They are taking up arms on the side of the Taliban?
You were in Afghanistan on a consulting trip on this movie Kite Runner. It’s basically a story of these two boys, one is a wealthy boy who is Pashtun and the younger boy is a servant, a Shiite Hazara. The older boy feels guilty because he didn’t protect the younger boy from a rape from a bully. The people making this movie were about to release it but held it up because they are afraid of the repercussions in Afghanistan. What did you find?
I found that there truly is a threat to the children. But much to my surprise, the Afghans I spoke with were of one mind that there was a broader threat coming from the movie. First, I should say that the movie is not going to be released in Afghanistan, but because of the large [number of] pirated DVDs in South Asia, it is probably just a matter of weeks between when the movie is released in the United States and it arrives in Afghanistan. Many of Afghanistan’s intelligentsia are aware of it. Several I spoke with had read the book, and they were all aware of the troublesome scenes that would translate into the movie.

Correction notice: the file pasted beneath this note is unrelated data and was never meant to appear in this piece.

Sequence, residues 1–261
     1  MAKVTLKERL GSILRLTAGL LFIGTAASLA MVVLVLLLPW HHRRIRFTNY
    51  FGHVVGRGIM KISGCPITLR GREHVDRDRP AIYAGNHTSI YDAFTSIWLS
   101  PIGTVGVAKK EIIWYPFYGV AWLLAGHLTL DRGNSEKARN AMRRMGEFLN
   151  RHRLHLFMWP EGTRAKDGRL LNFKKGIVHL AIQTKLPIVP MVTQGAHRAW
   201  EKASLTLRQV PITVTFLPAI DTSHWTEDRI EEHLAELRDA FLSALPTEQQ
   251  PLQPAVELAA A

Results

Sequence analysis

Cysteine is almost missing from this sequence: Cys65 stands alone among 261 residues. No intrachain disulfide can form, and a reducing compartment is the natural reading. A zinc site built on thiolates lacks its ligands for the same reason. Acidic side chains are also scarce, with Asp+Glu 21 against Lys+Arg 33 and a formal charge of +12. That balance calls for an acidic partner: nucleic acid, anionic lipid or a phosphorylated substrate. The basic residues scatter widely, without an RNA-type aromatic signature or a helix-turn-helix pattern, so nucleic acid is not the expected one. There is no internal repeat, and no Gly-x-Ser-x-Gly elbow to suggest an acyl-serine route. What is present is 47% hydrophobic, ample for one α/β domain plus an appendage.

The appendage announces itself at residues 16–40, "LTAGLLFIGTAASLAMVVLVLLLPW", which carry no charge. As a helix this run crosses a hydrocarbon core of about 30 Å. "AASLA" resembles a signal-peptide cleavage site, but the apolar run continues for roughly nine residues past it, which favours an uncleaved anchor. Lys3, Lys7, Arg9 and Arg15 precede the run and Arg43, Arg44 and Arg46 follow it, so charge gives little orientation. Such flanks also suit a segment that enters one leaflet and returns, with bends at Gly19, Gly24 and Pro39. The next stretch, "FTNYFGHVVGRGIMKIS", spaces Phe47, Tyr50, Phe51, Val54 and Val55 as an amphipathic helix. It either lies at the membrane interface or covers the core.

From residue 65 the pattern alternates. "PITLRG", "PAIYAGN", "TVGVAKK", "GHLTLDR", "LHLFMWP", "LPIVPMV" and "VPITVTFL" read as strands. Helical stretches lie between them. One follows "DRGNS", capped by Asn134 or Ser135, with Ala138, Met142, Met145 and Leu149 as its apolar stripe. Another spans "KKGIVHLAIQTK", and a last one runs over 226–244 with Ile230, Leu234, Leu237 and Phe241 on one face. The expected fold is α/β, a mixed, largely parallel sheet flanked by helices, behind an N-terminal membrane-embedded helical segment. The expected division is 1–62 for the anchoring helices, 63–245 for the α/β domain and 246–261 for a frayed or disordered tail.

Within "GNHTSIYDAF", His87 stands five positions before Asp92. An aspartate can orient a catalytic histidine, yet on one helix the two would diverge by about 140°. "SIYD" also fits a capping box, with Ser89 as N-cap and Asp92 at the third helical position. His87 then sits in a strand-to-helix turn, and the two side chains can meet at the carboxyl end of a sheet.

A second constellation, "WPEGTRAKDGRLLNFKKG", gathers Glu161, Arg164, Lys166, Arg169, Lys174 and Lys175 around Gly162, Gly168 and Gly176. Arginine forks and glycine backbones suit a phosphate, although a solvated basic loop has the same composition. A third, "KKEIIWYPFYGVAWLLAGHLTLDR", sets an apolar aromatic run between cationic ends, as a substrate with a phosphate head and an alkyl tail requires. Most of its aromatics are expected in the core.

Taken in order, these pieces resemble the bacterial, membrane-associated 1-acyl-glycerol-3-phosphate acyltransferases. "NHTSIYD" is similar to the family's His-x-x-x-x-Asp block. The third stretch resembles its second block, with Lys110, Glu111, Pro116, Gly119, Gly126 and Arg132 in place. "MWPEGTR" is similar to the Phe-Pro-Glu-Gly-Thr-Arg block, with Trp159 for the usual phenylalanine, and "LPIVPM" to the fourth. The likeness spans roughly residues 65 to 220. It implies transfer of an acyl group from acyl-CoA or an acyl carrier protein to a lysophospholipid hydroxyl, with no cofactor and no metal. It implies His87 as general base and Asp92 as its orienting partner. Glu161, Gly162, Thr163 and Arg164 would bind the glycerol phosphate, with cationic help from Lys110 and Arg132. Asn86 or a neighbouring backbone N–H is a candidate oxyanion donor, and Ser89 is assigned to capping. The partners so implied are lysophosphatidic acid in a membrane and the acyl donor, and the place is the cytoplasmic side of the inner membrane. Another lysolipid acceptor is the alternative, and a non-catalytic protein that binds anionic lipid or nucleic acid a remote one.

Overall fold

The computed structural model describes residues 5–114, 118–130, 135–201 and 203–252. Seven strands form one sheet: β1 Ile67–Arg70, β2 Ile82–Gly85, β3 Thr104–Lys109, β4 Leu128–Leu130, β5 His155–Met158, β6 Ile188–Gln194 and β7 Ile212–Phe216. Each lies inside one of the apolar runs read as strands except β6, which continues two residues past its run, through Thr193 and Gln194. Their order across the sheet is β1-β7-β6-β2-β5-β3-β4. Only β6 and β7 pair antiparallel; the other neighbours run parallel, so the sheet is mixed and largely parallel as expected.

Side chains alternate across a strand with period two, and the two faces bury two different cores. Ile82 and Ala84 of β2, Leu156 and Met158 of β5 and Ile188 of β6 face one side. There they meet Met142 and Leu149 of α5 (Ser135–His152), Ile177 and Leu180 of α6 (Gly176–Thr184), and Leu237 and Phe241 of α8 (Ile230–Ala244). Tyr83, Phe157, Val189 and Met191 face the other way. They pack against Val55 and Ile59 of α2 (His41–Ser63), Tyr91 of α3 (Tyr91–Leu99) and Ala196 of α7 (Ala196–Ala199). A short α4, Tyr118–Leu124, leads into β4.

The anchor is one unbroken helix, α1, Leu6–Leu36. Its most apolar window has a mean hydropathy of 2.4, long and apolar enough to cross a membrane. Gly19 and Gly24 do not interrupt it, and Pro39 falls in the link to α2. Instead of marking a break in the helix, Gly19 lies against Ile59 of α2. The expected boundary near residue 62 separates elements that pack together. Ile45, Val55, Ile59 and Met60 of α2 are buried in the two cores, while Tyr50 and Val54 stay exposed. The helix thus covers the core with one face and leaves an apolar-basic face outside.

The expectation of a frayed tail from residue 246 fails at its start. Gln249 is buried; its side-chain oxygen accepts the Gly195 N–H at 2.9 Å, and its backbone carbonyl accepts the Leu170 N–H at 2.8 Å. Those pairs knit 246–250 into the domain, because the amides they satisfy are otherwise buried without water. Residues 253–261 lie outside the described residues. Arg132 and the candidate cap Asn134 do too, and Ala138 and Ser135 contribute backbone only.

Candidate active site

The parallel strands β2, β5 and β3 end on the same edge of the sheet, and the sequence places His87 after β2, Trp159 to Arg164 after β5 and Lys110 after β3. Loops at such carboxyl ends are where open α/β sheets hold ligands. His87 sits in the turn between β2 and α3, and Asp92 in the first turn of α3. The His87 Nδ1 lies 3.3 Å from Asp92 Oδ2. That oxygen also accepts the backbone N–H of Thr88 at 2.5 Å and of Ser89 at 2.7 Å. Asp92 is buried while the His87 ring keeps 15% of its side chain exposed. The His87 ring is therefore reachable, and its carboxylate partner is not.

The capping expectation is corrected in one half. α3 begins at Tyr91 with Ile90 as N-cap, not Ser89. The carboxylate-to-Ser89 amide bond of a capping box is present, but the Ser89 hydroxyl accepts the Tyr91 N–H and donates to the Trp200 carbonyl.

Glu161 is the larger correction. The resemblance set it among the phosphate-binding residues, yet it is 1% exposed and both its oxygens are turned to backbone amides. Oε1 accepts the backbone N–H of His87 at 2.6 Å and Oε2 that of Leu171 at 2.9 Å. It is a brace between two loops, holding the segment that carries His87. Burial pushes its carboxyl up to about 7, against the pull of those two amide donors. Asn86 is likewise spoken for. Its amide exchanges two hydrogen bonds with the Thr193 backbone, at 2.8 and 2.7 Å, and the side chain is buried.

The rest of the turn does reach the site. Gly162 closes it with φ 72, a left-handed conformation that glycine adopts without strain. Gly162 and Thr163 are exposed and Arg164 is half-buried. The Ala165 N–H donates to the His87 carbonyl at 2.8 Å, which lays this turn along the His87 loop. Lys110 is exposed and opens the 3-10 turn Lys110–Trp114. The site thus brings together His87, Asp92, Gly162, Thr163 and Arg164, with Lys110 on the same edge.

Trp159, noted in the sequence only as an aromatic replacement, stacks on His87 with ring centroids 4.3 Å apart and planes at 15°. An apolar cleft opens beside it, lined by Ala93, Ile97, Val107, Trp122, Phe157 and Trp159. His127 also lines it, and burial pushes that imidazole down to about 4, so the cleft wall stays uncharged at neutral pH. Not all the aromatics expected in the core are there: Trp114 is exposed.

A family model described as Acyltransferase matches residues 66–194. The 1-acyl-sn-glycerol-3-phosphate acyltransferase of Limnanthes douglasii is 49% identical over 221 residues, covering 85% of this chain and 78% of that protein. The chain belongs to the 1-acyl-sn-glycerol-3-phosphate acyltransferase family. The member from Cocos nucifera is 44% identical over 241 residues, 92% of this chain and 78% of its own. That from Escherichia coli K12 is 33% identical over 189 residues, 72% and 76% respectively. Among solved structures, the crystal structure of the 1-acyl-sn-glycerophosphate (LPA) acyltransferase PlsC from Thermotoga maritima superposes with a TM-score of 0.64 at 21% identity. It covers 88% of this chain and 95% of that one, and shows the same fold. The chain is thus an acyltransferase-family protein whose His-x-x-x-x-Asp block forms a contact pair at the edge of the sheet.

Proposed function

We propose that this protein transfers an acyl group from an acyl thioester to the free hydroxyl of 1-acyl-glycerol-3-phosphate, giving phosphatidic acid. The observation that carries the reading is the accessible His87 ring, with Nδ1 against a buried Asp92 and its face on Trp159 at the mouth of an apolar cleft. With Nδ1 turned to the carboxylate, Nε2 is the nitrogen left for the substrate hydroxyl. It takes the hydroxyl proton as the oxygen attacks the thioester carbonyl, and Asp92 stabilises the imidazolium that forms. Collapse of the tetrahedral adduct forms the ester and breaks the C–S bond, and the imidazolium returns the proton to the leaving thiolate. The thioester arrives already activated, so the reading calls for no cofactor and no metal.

One thing that surprised me and troubled me was that all the Afghans I talked to also believed that the movie would lead to sectarian violence. Most of them said: “For thirty-five years we have been fighting each other and killing each other, now we have this very fragile piece between the Pashtuns and the Hazaras, and this movie is coming to Afghanistan and it’s going to show how the Pashtuns held the Hazaras down, discriminated against the Hazaras, raped their boys, had sex with their wives—which is sort of a side story in the book, and in general just humiliated them.” This is going to make Hazaras very angry.